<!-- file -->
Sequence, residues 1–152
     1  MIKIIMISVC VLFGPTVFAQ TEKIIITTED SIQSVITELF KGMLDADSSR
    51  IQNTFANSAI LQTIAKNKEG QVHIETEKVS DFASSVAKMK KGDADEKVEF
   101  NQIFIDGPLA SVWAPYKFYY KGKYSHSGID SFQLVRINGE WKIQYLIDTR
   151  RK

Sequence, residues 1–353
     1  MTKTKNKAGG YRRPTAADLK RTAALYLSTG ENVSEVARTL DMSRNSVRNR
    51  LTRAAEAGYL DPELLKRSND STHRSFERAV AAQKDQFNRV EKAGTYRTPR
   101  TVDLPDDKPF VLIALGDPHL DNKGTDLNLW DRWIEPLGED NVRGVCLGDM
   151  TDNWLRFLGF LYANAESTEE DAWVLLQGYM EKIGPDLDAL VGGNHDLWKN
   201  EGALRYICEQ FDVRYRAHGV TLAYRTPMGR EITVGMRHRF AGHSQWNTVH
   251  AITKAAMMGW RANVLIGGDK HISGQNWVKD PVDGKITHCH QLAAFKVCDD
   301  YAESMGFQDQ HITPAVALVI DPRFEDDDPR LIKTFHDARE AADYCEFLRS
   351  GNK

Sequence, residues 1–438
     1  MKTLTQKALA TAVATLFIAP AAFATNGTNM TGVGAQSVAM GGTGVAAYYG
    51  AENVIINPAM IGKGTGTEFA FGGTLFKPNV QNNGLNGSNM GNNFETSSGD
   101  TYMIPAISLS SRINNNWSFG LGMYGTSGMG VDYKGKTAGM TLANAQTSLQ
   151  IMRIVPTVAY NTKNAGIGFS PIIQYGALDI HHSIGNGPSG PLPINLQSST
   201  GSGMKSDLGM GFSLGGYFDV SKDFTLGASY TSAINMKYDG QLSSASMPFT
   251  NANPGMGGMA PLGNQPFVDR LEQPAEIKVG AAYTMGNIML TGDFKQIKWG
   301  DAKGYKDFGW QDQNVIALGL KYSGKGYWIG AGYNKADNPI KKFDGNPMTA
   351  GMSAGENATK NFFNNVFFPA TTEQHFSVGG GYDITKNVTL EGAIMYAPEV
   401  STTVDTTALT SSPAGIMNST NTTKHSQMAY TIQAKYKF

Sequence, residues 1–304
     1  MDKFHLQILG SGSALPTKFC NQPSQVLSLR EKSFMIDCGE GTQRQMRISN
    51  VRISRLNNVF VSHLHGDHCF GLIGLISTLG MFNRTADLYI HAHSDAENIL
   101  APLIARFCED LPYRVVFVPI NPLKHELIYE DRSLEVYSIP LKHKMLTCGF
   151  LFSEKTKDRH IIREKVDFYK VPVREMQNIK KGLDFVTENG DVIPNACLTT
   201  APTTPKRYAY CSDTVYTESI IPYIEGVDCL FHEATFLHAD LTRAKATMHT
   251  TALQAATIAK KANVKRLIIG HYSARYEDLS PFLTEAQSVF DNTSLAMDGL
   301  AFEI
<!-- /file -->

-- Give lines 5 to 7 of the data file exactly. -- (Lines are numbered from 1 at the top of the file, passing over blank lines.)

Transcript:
   151  RK

Sequence, residues 1–353
     1  MTKTKNKAGG YRRPTAADLK RTAALYLSTG ENVSEVARTL DMSRNSVRNR